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Bevin Calls Pension Debt an 'Inconvenient Truth' in Gubernatorial Election

Lisa Autry

Governor Matt Bevin says voters in next month’s election will decide if they want lies or the truth about Kentucky’s ailing pension plans. 

The Republican incumbent says as long as the state has more retirees than workers, the retirements systems cannot be saved without changing future benefits. 

In a speech to the Bowling Green Noon Rotary Club on Wednesday, Bevin called any promises to the contrary a “straight up lie.”

Bevin said the retirement systems for public sector workers are on the brink of bankruptcy, especially KERS non-hazardous, which has only 13 cents for every dollar already promised. 

“KERS non-hazardous, bear in mind, ended the year with less than $3 billion, paid out $1 billion in benefits last year, took in $100 million. You don’t have to be a math major to figure that out," stated Bevin. "How many years do we have left? Two or three, it’s bankrupt, it’s over.”

Governor Bevin has suffered politically for making proposals that he says would return the pension plans to solvency.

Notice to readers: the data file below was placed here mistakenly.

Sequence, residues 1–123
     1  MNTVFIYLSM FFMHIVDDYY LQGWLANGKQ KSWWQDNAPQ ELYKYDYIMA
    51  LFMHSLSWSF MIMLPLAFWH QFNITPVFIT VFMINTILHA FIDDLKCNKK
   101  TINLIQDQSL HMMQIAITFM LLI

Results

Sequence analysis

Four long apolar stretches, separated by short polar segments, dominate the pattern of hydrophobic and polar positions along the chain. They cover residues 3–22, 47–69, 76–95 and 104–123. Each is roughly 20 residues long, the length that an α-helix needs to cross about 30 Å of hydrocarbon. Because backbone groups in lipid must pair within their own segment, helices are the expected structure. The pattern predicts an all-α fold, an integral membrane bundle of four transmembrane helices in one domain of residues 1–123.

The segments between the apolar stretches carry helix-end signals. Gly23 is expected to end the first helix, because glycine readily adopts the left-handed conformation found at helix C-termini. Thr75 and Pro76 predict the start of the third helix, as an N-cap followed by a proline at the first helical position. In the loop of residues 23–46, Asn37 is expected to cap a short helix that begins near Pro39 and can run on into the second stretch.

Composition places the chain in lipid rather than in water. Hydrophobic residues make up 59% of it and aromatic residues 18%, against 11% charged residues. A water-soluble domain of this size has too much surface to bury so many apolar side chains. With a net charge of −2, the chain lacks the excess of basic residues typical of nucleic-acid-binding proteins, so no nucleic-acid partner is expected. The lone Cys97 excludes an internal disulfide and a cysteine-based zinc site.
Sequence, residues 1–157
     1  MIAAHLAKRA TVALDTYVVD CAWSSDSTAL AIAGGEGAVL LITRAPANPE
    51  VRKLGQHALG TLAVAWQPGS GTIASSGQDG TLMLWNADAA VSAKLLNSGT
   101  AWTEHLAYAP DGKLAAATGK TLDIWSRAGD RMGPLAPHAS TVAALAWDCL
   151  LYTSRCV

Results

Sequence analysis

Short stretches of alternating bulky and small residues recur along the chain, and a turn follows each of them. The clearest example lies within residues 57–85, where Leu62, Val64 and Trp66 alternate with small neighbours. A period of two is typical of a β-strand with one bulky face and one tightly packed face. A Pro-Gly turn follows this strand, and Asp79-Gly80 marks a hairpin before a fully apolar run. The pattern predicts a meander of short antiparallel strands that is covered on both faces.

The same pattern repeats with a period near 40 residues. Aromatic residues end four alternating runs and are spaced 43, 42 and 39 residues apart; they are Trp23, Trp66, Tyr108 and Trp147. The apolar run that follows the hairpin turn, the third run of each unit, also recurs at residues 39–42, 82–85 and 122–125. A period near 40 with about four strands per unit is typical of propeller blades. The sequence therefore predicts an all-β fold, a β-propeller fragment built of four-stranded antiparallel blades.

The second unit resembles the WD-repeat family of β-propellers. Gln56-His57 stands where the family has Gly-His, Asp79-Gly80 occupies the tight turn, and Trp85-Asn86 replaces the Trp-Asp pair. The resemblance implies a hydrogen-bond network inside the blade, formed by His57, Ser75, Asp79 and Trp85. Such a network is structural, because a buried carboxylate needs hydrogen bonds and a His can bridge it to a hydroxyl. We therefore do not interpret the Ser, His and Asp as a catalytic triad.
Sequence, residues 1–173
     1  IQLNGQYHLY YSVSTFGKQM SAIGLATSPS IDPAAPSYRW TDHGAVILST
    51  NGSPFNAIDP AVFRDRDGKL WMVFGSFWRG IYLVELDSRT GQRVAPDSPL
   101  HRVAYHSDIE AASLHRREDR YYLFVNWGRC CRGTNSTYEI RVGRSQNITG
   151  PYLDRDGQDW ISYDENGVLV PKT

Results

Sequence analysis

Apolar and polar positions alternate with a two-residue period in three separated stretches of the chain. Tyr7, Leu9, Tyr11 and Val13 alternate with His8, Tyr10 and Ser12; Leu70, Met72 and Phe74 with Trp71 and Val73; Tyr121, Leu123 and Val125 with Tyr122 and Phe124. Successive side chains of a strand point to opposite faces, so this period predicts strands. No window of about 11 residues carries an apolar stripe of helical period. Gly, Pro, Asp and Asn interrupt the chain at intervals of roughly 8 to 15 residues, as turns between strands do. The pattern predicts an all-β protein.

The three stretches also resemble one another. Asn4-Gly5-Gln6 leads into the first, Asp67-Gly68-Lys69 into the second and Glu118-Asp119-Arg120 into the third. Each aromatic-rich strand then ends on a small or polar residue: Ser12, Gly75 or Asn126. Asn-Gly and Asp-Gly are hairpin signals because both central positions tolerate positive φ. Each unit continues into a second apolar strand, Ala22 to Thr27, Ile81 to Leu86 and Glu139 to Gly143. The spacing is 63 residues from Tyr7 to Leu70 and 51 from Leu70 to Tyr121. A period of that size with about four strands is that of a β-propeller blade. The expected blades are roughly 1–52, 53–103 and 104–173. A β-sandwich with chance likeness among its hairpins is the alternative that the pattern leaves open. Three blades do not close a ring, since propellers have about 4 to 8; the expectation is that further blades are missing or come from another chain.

Legislation championed by Bevin last year would have moved future teachers and other public employees from a defined benefit to a defined contribution plan, but was struck down by the Kentucky Supreme Court.  Bevin signed a bill into law in July that allows Kentucky’s regional universities and “quasi” state agencies to avoid a massive spike in pension costs in exchange for exiting the state’s pension systems. 

While the measure doesn’t help lower the state’s retirement debt, the governor said the bill will help struggling state agencies stay open. 

Bevin is being challenged by Democratic Attorney General Andy Beshear in the November 5 election.

Lisa is a Scottsville native and WKU alum. She has worked in radio as a news reporter and anchor for 18 years. Prior to joining WKU Public Radio, she most recently worked at WHAS in Louisville and WLAC in Nashville. She has received numerous awards from the Associated Press, including Best Reporter in Kentucky. Many of her stories have been heard on NPR.
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